Within seconds of rounding the corner, two speech and debate kids jumped her. One was shoving a flyer in her face while the other was fluttering around saying all the stuff that was basically on the flyer.

 

In their fervor, they had backed her up against the lockers like they were looking to steal her lunch money.

 

My daughter’s eyes darted around, searching for possible escape routes. I could feel her thinking, “Please stop talking to me so I can put my name on your stupid list and cease interacting with you.” You know, the line of thinking that will get you far in speech and debate.

 

That’s how it went for a while. We would approach a table, some kids would thrust a flyer in her face, I would shove her toward the sign up sheet and she would put her email down without looking at anyone.

 

Every table was a new opportunity for her to have a mild panic attack and for me to geek out over how wonderful high school was going to be.

 

These kids were so engaging and confident. I wanted their confidence to rub off on her. Heck, I wanted their confidence to rub off on me. I was five seconds away from putting my own email down on their signup sheet.

 

Herein lies the rub.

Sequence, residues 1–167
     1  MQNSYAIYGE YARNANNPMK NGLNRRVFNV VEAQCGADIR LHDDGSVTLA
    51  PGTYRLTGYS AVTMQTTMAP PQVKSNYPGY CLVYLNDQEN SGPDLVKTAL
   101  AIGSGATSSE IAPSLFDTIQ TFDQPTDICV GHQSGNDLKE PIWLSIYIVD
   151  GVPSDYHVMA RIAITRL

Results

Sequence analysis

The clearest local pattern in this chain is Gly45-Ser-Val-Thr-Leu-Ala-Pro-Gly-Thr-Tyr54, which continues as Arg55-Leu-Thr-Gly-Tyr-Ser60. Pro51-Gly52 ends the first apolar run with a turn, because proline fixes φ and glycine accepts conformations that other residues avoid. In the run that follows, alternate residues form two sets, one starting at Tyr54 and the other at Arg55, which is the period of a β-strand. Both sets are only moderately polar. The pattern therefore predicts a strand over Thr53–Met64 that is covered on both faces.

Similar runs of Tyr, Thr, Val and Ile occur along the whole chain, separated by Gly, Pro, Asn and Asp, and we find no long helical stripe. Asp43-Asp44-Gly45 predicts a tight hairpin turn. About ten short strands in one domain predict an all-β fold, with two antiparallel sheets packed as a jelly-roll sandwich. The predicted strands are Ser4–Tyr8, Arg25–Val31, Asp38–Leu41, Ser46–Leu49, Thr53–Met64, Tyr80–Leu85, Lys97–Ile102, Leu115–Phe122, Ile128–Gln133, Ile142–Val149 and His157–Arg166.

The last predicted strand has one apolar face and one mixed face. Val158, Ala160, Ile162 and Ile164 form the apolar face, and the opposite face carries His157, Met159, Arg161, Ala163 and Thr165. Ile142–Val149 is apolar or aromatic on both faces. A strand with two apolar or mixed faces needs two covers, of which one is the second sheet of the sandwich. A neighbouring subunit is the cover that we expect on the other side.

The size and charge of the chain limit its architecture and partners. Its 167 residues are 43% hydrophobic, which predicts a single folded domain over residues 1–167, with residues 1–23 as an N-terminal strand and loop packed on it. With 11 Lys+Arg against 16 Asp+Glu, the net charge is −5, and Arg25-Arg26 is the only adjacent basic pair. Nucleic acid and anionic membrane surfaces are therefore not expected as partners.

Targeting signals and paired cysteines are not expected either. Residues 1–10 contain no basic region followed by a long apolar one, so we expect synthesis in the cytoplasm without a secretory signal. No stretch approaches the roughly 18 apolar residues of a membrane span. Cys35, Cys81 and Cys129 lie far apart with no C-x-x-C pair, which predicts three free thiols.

I want my daughter to love this stuff, because I loved this kind of stuff in high school. Maybe it was because I didn’t drink or do drugs and I lived in the middle of a cornfield, but  drama and yearbook were what made high school bearable.

 

But does she love this stuff? I’m not so sure. She’s smart and creative and hilarious, but in a more private way. And there shouldn’t be anything wrong with that. Maybe clubs aren’t her thing.

 

Besides, who was I to push her into doing academic decathlon because it seems intellectually invigorating? Yes, I loved joining clubs, but if I’m being perfectly honest, I was less concerned with choosing one that suited my interests and passions and more concerned with signing up for whichever one had the cutest boys in it.

 

And my parents stayed out of it. As they should have.

 

Maybe I need to take a cue from the cycling club kid and just chill out a little. Maybe my husband and I need to give her a little breathing space to figure some of this out on her own.

 

After we left, I got to thinking…what would happen to her if she didn’t sign up for a single club? Would her social world collapse? Will she grow up and end up living on the streets? Probably not.

 

Will she still be shy? Sure. But that’s something my husband and I are never going to “fix.” And maybe she’ll be happier if we stop trying to.

 

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Encylopedia of Random Thoughts

Encylopedia of Random Thoughts

Afternoons: I am useless from about 1:30 in the afternoon until about 3:30. I get tired, cranky, bored. I am basically a toddler for about two hours every day.

Dreams: When someone tells me they had a dream about me, I wonder what I looked like in their dream. Did I look normal? Was I wearing something weird? Was my nose the right shape and size? Did my voice sound like it normally sounds? I want to ask them these questions but feel that would be narcacisstic.